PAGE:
Operation Green Merchant

Last updated: November 19, 2021

What Does Operation Green Merchant Mean?

Operation Green Merchant was used as a code name for a nationwide operation in the United States in the 1990s that aimed to find and shut down marijuana grow ops by targeting businesses that were thought to sell the equipment used to grow.

In particular, this operation targeted various businesses that advertised specialized horticultural equipment thought to be used to cultivate marijuana. The Drug Enforcement Agency (DEA), through the help of the United Parcel Service records, traced the deliveries of indoor growing equipment and seeds. The DEA had mainly targeted the investigation of advertisements of three businesses of the High Times, Sinsemilla Tips, and the Holland Seed Bank owned by Nevil Schoenmakers.

Operation Green Merchant resulted in the arrests of 1,262 people, the dismantling of 977 indoor cannabis grows, and the seizure of $17.5 million in assets. Many people were jailed for anywhere from four to 15 years without any sentence reduction.


Maximum Yield Explains Operation Green Merchant

Operation Green Merchant was the DEA’s attempt to destroy the marijuana growing industry. Undercover DEA agents visited various hydroponics shops, contacted hydroponics wholesalers, and asked for equipment to grow cannabis, posing as medically needy Vietnam veterans, bikers, and hipsters. Later on, the DEA agents not only went undercover, but also tried to bribe the stores by offering them money, women, and guns if they showed them how to cultivate cannabis and sell them equipment for growing.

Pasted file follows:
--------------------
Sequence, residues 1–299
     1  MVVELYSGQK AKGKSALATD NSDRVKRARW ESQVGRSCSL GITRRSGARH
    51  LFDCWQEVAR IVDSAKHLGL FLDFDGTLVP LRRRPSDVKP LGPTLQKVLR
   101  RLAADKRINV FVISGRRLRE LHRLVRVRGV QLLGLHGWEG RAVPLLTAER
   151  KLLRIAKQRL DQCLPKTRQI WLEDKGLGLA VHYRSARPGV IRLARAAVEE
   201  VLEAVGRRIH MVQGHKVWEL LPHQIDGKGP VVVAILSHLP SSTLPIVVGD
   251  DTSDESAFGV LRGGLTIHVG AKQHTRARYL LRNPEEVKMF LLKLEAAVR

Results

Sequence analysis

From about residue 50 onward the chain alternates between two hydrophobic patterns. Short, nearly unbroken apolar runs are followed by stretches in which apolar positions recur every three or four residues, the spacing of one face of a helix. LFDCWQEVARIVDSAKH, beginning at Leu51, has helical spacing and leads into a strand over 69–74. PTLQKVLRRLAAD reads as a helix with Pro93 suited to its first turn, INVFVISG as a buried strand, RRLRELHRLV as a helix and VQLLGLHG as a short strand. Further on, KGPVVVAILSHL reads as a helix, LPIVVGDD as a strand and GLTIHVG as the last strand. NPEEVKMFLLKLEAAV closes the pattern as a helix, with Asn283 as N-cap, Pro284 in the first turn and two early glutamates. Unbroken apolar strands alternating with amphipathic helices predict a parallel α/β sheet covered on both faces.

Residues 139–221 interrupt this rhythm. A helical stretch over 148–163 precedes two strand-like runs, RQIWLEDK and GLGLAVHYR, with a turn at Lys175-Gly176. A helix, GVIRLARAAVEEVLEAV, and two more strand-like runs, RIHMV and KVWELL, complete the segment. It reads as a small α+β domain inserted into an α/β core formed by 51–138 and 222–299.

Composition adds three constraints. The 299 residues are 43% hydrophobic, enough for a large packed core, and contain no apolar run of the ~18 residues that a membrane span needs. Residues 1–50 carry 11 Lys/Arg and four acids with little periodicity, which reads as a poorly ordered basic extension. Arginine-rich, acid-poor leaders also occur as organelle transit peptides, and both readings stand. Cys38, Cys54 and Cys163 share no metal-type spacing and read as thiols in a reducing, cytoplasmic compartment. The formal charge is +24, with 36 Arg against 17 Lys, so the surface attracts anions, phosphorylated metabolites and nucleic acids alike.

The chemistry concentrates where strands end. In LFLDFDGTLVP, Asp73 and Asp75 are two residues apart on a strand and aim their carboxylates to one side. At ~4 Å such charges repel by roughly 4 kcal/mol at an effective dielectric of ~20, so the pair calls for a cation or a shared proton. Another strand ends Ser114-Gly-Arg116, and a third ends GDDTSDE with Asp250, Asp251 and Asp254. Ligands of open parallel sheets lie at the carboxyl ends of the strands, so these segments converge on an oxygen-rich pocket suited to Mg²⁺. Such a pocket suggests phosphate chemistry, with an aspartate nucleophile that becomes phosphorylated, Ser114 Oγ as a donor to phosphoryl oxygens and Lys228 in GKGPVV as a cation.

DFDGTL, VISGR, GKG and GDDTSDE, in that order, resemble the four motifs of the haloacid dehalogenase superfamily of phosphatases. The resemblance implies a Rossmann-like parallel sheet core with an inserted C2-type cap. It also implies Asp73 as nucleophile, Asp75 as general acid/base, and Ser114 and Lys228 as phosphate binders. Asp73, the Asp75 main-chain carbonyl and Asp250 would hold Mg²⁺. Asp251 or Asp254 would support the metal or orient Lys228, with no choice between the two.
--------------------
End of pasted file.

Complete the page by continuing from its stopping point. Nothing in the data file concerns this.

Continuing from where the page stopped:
Operation Green Merchant started on October 26, 1989, a day referred to as “Black Thursday” by the people in the hydroponics industry. The DEA raided hydroponic stores in 46 states, arrested about 119 people, and seized many indoor gardening shops and thousands of cannabis plants.

Sesnimilla Tips went out of business and High Times took many years to recover from the losses suffered after Operation Green Merchant. Tom Alexander, the publisher of Sensimilla Tips, then established the magazine called The Growing Edge where there was zero mention of the marijuana.

Even after Black Thursday, the Operation Green Merchant remained active and also locked down Nevil Schoenmakers, the world’s first international marijuana seed retailer, whose Holland based Seed Bank was an early precursor to Marc Emery Seed Sales and dozens of seed retail imitators.

From 1991 and onward for a period of a few years, the DEA started seeking private information of customers as they raided, questioned, and intimidated hundreds of people and businesses, including scientists and NASA’s horticultural research facilities.

However, Operation Green Merchant came to a halt as the people and libertarian politicians found innocent hydroponics storeowners convicted of cannabis charges based on questionable testimony from tainted informants. This showed that the DEA had entrapped suspects and ruined the lives and businesses of harmless people by sending them to prison based on hearsay.


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